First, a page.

NGO's Joint-Statement

The Food Crisis in Ethiopia


A Joint Statement by NGOs


"As non-governmental agencies working with the people of Ethiopia, we wish to state that the present food crisis is not yet a

repeat of 1984/85. We affirm that there is a critical situation in the South and East that could have been averted and a

widespread crisis can still be averted, with prompt and appropriate action.


"Ethiopia remains highly vulnerable to catastrophic food shortages. However, the government, with the support of the

international community, has developed effective and transparent early-warning and response mechanisms. These systems have

not elicited adequate and timely responses. NGOs and others warned of the developing emergency and lobbied donors for

responses well before the situation deteriorated. Early-warning systems are only effective if they are responded to in a timely



"The government, with donor support, had put in place an Emergency Food Security Reserve (EFSR) with a capacity of more

than 300,000 metric tonnes. The EFSR was depleted last year. Some donors borrowed from the reserve, and food would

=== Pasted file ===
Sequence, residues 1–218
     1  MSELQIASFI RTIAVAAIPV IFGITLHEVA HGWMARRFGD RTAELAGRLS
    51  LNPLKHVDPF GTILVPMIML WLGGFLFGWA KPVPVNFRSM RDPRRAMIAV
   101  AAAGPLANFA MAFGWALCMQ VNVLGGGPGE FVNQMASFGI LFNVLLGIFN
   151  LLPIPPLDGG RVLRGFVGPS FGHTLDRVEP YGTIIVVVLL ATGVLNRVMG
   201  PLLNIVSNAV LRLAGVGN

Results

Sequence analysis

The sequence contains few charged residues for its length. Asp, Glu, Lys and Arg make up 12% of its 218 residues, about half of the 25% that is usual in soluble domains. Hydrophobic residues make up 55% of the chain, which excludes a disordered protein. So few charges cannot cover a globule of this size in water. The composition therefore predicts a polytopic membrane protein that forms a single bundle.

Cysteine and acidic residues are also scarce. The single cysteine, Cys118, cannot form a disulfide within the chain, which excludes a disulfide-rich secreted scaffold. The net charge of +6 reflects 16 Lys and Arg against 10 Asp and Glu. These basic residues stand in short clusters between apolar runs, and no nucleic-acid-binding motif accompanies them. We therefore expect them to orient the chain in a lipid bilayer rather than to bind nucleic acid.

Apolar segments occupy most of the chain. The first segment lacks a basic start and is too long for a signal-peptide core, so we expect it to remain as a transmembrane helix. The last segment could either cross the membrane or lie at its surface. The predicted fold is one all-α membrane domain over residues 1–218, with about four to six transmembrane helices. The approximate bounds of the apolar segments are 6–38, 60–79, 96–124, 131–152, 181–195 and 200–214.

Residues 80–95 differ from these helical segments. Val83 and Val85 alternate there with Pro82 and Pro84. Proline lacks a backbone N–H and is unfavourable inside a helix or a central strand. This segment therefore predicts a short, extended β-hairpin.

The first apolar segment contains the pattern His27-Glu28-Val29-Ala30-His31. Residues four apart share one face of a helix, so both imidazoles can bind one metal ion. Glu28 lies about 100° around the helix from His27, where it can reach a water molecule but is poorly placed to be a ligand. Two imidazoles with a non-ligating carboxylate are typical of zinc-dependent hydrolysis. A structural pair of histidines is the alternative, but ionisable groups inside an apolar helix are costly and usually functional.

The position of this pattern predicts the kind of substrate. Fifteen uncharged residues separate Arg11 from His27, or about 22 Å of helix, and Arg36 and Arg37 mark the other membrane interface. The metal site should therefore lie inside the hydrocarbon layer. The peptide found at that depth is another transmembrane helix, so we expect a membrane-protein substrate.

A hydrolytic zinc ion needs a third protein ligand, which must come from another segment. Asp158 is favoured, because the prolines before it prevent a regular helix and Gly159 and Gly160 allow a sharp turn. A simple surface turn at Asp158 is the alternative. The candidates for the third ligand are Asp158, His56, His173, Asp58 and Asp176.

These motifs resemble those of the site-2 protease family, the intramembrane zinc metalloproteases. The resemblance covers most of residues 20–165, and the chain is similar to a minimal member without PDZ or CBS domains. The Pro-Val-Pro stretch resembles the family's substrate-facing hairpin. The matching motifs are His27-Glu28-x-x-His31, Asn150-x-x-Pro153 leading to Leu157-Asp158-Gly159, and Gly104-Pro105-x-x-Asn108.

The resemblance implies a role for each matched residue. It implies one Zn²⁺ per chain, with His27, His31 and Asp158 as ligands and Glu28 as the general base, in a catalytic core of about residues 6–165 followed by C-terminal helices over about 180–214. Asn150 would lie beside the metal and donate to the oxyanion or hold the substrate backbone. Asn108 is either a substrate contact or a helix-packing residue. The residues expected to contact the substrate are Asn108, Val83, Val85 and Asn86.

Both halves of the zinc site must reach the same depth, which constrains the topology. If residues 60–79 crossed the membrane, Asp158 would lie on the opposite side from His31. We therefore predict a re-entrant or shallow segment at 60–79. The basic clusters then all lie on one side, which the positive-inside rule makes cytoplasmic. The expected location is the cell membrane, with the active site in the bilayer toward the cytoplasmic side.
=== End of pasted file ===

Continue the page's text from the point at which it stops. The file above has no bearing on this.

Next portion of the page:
have been in place to overcome the crisis.


"As NGOs deeply concerned with the rapidly deteriorating situation in Ethiopia, we wish to assert that:


"The crisis is not restricted to a few areas, but that much of the country, and indeed most neighboring countries, are affected or

at serious risk. All concerned must be more proactive in preventing the spread of the emergency to other vulnerable areas,


"There is a pressing responsibility falling on the shoulders of the international community to respond quickly, and to deliver on

their pledges. Food must be pre-positioned by June in remote areas so that access to beneficiaries is not at risk of being cut off

by the expected onset of heavy rains in July.


"This is not a quick-fix solution that commitment must be sustained. It must be ensured that food is in the pipeline and getting to

the people for at least the next six months, without interruption.


"The need now is not just food, important as it is. Donors must also support other essential activities: water supply, health,

livestock survival.


"The failure of the rains may have triggered the crisis but is not the fundamental cause. The coping mechanisms of vulnerable

communities are so fragile that minor climatic variations can result in crisis conditions. Alongside the emergency response,

long-term investment is required to consolidate coping mechanisms and address food insecurity. This crisis should serve to

augment, not diminish, long-term development efforts.


"Most importantly, the cycle of crisis must be broken. The people of Ethiopia need peace, more development assistance and





Action Aid, CARE, Catholic Relief Services, Community Aid Abroad, Concern Agro-Action, GOAL, Intermon, Lutheran

World Federation, Oxfam-GB, save the Children-UK, save the Children-USA, SOS-Sahel.